FIG. 5 is a plan view of a positioning table of one of the stations of the automatically reconfigurable contour checking fixture of the first embodiment;
FIG. 6 is an expanded view of the drive assembly and interface of one of the stations of the automatically reconfigurable contour checking fixture of the first embodiment;
FIG. 7 is an electrical schematic of an amplifier, servo, and motor of the drive assembly of the automatically reconfigurable contour checking fixture of the first embodiment;
FIGS. 8A and 8B are flow charts showing the main routine performed by a computer during operation of the automatically reconfigurable contour checking fixture of the first embodiment;
FIG. 9 is a fixture to hold components in place for assembly as a second embodiment of the present invention; and
FIG. 10 is a fixture for holding a specially shaped panel at a predetermined position as a third embodiment of the present invention.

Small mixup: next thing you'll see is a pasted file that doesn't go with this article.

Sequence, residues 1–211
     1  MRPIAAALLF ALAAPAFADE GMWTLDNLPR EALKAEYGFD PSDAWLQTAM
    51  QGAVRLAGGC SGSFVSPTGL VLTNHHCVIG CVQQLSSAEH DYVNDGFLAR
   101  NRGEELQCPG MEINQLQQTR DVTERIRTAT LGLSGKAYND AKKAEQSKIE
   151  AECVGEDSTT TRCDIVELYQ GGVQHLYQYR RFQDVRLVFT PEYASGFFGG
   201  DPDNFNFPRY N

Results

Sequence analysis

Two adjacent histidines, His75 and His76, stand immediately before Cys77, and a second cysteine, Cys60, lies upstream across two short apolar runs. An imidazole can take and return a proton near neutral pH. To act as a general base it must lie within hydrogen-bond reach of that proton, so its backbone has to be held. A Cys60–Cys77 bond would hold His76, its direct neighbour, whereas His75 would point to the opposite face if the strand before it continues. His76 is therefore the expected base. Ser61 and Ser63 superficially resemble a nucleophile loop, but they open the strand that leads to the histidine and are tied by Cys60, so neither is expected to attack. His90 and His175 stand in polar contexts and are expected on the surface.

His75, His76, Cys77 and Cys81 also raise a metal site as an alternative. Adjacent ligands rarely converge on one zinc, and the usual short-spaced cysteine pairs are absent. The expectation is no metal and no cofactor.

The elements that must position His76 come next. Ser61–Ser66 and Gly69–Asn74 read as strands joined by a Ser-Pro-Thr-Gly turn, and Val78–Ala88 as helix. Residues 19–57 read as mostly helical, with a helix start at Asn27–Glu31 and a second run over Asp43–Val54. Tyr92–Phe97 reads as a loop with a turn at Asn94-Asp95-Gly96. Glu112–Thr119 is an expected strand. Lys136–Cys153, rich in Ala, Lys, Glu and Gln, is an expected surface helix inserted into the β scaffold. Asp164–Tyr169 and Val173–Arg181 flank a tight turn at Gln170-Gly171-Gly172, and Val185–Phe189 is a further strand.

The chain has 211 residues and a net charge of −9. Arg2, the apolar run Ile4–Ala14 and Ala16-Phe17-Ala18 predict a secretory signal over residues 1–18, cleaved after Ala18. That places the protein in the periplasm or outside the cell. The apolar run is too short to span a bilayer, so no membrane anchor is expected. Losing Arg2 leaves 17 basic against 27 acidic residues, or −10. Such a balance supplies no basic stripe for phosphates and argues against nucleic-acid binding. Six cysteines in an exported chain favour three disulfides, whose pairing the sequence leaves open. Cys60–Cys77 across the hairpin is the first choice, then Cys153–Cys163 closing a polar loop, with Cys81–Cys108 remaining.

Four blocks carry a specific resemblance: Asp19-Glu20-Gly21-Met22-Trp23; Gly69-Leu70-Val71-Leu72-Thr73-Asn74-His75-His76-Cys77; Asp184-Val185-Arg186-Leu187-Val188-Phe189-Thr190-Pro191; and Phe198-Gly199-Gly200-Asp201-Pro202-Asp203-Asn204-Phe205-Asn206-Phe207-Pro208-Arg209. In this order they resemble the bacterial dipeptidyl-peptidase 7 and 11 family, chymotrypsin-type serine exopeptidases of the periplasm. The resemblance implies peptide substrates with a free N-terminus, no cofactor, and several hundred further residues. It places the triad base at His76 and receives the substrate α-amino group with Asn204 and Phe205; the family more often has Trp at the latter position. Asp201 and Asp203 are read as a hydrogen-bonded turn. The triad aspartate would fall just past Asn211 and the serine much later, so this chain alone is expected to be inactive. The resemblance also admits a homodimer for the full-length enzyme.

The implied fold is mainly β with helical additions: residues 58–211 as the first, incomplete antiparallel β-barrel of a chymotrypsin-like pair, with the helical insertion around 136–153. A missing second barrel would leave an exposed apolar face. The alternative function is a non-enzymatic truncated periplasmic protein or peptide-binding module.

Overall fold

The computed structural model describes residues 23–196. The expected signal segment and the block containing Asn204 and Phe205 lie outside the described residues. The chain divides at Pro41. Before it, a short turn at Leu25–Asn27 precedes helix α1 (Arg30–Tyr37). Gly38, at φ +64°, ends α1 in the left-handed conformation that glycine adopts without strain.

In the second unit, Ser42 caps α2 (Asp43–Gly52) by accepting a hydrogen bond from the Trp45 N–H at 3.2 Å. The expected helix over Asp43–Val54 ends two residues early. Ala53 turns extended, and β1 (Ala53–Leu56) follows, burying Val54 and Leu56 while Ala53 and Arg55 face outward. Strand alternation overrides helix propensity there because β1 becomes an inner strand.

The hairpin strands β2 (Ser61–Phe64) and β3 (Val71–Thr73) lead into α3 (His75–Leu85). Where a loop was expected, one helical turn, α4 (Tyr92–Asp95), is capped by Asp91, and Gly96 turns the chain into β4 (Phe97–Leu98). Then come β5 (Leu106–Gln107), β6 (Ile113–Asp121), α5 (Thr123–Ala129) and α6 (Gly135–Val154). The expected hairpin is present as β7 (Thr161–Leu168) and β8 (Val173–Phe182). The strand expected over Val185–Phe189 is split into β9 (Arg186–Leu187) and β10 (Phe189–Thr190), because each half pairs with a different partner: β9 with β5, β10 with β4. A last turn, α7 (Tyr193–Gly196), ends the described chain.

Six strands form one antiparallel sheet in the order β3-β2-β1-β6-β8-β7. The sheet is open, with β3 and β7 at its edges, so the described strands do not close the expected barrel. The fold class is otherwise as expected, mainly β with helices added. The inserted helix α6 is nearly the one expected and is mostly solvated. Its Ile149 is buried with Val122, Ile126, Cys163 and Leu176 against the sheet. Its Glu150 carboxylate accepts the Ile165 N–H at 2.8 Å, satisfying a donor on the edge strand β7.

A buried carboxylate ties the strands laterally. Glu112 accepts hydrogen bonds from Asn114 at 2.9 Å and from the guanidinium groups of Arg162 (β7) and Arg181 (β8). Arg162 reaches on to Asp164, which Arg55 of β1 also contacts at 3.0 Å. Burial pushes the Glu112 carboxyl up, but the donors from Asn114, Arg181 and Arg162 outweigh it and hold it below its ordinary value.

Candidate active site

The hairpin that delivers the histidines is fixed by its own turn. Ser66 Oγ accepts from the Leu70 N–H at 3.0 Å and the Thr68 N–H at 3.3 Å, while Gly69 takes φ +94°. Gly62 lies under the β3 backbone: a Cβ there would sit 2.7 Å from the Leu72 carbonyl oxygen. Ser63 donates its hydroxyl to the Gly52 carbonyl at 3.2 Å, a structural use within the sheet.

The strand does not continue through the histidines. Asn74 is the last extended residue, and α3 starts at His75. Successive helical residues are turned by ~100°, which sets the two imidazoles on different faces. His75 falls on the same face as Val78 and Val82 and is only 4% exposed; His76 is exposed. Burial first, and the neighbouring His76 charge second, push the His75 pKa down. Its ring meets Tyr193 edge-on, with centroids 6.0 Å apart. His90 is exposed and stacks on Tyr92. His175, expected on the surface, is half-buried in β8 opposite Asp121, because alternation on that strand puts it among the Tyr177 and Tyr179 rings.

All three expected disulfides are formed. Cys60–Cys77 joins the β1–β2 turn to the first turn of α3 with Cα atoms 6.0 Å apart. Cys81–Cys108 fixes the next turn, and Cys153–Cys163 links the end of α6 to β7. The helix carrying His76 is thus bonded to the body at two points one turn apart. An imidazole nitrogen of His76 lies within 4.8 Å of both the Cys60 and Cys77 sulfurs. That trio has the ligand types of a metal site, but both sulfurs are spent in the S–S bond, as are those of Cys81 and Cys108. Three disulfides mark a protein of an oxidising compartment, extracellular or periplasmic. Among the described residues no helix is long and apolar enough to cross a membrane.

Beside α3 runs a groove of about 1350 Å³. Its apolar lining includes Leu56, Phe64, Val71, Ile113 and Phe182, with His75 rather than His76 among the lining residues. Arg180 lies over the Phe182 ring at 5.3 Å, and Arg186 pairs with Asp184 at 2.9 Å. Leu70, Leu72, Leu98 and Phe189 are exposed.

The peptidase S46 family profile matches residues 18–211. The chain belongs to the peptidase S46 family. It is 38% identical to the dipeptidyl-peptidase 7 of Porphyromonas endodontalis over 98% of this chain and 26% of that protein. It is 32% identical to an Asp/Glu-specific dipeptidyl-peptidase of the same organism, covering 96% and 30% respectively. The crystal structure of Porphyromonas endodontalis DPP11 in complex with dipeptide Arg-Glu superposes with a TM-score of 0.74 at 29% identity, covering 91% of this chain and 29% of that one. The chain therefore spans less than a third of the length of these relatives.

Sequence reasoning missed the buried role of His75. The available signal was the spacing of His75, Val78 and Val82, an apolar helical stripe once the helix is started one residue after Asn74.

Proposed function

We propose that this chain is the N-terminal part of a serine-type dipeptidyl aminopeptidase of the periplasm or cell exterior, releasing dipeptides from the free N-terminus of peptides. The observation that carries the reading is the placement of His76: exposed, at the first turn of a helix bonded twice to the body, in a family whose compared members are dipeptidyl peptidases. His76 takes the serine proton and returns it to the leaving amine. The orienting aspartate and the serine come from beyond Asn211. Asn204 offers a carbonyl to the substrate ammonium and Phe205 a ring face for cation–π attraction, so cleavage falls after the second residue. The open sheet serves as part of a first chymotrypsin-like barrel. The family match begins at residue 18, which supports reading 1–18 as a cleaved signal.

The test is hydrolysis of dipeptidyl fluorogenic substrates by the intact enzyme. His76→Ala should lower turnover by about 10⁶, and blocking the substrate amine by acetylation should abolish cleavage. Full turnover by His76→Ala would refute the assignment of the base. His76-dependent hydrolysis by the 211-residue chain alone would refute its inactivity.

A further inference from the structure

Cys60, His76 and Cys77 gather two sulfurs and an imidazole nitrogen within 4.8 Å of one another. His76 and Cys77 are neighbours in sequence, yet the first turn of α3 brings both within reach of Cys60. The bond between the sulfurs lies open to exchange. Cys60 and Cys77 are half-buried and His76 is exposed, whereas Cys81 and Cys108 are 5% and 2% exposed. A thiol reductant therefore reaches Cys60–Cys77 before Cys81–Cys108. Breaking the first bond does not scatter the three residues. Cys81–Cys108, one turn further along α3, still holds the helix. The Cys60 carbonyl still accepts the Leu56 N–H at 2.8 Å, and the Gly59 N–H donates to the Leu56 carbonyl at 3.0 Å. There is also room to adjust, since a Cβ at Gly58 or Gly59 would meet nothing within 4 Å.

FIG. 2 refers to an automatic reconfigurable contour checking fixture 50, as a first embodiment of the present invention, having a plurality of stations 52a-52o and a drive assembly 54. Each of the stations 52a-52o is positioned according to a computer's 108 input to simulate a contour template from which a fixed component can be compared to determine if it meets required tolerances. The stations 52a-52o conform precisely to the dimensions designated by the computer 108, thereby eliminating any stacking of tolerances that occur when a machined template is used.
Each of the stations 52a-52o shares the common drive assembly 54. The stations 52a-52o are separately engaged and moved by the drive assembly 54 to a designated position determined by the computer 108 to accurately simulate the contour template. The use of the single drive assembly 54 significantly reduces the overall cost of building the fixture 50. Also, the use of the single drive assembly 54 reduces the weight of the fixture 50. Finally, less floor space is required by the checking fixture 50 and by any accompanying control enclosures when only the single drive assembly is used.